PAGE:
There are 2 main definitions of mocker in English:

Share this entry

mocker 1

Line breaks: mock¦er
Pronunciation: /ˈmɒkə/

noun

A person who mocks someone or something: a mocker of authority
More example sentences
  • Institutions and politicians were mocked; as it turned out, many of the mockers secretly admired their targets, and the targets enjoyed the mockery.
  • And he allows himself to be mocked without taking revenge on the mocker.
  • The cynics and the mockers and the doubters can say what they like, but that's what these protests are about.

Phrases

put the mockers on

1
British informal
Put an end to; thwart: the firm may be putting the mockers on its Sparc-compatible business
More example sentences
  • It puts the mockers on things as it was a free festival and the kids were really enjoying it.
  • Besides, were she to be momentarily diverted by anything beyond the boundaries of her own, perfect body, her insurers would soon put the mockers on it.
1.1Bring bad luck to: someone has really put the mockers on the team
More example sentences
  • ‘I hope you're not putting the mockers on him,’ Kerr uneasily joked.
  • The band broke up soon afterwards, some fans claiming she had put the mockers on the whole enterprise.
  • He added: ‘I don't want to say I have solved my problems with the track, only to put the mockers on it and have a dud meeting.’

Words that rhyme with mocker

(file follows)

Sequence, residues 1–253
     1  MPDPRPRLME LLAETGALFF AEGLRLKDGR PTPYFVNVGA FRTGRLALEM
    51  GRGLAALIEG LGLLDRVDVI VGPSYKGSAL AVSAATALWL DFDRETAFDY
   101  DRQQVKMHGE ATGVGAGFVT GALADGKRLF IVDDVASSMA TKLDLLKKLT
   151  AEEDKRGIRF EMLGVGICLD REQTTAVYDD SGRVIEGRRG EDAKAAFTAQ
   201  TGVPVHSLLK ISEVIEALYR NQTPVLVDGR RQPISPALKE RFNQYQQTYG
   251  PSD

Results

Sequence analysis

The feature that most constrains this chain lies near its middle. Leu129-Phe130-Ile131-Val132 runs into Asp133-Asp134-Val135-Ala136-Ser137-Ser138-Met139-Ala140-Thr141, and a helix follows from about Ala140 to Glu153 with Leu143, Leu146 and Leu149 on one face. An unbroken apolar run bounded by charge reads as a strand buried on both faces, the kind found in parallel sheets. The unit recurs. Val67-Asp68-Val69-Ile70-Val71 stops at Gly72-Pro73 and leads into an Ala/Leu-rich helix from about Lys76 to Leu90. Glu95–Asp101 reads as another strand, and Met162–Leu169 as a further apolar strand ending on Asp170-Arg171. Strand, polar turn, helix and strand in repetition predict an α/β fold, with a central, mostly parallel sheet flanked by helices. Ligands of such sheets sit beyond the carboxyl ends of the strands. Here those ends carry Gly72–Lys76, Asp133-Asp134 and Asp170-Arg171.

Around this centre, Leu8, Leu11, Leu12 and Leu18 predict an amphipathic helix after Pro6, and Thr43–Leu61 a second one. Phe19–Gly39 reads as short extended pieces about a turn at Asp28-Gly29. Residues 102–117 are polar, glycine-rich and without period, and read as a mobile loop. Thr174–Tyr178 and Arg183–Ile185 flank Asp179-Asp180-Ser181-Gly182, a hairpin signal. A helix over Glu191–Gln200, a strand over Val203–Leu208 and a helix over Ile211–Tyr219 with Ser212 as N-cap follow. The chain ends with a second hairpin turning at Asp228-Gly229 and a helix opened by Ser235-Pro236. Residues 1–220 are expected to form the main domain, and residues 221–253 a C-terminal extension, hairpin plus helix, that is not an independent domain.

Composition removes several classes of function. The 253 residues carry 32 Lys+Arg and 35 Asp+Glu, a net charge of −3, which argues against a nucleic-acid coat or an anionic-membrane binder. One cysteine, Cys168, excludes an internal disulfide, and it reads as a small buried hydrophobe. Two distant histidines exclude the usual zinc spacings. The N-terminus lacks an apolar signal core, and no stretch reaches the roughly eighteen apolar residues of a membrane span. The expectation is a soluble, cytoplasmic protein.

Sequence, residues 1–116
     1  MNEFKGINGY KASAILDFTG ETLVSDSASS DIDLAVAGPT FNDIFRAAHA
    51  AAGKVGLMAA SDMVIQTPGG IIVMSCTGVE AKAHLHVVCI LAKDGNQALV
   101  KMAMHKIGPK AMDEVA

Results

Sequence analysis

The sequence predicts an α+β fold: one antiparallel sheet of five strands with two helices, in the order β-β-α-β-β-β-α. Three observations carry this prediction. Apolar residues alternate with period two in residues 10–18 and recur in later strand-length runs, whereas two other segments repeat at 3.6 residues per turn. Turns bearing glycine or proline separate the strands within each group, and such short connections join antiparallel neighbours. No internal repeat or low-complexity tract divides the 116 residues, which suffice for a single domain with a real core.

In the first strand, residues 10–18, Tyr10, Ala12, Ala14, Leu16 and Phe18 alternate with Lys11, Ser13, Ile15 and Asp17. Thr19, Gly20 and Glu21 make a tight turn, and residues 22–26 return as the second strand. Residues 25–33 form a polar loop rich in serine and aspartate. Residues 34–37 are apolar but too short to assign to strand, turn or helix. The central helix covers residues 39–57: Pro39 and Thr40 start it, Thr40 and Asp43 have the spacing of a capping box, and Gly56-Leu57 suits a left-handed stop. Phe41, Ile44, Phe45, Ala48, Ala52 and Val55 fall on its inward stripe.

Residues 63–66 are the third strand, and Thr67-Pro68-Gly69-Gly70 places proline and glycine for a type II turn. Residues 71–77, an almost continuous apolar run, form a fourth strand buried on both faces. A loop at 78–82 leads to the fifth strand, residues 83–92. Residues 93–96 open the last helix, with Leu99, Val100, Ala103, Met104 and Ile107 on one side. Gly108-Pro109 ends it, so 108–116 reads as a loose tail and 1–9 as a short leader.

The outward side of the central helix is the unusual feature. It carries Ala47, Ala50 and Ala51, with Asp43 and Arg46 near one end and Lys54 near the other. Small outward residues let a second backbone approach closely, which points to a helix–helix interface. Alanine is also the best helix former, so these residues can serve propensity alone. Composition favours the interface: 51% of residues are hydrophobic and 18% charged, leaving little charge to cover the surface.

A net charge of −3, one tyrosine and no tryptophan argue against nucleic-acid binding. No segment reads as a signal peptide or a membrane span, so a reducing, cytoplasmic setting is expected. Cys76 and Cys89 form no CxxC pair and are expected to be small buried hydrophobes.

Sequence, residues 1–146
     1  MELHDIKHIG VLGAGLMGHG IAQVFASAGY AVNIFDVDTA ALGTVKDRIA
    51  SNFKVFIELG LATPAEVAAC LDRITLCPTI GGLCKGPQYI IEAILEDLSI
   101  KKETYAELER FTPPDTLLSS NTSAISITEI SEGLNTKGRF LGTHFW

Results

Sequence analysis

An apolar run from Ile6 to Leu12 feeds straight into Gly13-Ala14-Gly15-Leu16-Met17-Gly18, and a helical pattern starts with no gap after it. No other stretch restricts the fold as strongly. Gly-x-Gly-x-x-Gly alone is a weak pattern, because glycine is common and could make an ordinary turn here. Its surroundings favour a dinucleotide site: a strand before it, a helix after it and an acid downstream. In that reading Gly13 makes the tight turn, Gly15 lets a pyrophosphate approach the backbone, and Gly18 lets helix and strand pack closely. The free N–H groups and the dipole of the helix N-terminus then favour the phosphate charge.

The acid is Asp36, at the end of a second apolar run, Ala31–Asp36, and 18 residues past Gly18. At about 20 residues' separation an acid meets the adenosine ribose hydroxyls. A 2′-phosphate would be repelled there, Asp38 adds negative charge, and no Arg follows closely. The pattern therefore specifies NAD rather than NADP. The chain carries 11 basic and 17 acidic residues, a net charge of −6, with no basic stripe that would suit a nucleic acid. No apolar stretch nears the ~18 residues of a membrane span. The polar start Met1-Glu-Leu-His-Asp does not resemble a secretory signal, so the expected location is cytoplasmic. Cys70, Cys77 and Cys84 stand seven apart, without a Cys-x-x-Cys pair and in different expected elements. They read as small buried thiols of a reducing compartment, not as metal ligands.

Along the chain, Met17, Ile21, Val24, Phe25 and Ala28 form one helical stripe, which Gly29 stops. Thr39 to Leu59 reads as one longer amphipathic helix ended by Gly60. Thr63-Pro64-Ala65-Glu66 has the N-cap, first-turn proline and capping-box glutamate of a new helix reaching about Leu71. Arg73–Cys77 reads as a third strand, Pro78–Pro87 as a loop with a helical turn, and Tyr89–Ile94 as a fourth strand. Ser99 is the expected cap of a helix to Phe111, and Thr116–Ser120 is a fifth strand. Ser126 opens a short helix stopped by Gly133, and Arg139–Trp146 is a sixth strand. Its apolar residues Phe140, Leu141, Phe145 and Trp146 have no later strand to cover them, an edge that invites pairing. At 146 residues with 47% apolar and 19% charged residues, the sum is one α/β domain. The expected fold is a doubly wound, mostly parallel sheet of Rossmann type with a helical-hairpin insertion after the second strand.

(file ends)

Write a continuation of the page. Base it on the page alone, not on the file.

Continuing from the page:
blocker, chocker, docker, Fokker, interlocker, locker, mocha, ocker, quokka, rocker, saltimbocca, shocker, soccer, stocker

Definition of mocker in:

Share this entry

 

There are 2 main definitions of mocker in English:

Share this entry

mocker 2 Line breaks: mocker
Pronunciation: /ˈmɒkə/
Australian /NZ informal

verb

(be mockered up)
Be dressed in smart or formal clothes: he was all mockered up in grey checks and a soft pink tie
More example sentences
  • The other day she was mockered up in her hard hat at some dreary construction site.
  • He's all mockered-up in his corduroy pants!
  • He was mockered up to the nines, his feet moving impatiently in the dust.

noun

[mass noun] Back to top  
Clothing: it was enough to get them to put their mocker back on
More example sentences
  • He went away in search of his mokker, which consisted of a freshly pressed pair of slacks and a bush shirt.
  • It's just like me to get married in someone else's mokker.
  • He was climbing out of bed and donning clammy, greasy shearing mocker.

Origin

Early 20th century: of unknown origin. Perhaps from Arabic makwa, a noun of place, from kawā, 'to press (clothes)', associated with Egyptian clothes-pressing establishments during the First World War, and from there used by New Zealand soldiers.

More
  • The phrase to put the mockers on, ‘to put an end to, thwart’, is originally Australian. It dates from the early 20th century and may come from Yiddish make ‘sore, plague’, or be the same word as mocker (Late Middle English) meaning ‘someone who mocks’. Another Antipodean mocker, meaning ‘clothes, dress’, was brought back from Egypt by New Zealand troops after the First World War. It is based on Egyptian Arabic makwagi ‘presser of clothes’-in Egypt and other Middle Eastern countries there are clothes-pressing establishments with changing rooms where people can shed the outfits they are wearing and have them pressed. Mock (Late Middle English) meaning ‘to make fun of’ is a quite different word, from Old French mocquer ‘to ridicule’.

Definition of mocker in:

Share this entry

 

What do you find interesting about this word or phrase?

Comments that don't adhere to our Community Guidelines may be moderated or removed.

Get more from Oxford Dictionaries

Subscribe to remove adverts and access premium resources

Word of the day confidant
Pronunciation: ˈkɒnfɪdant
noun
a person with whom one shares a secret...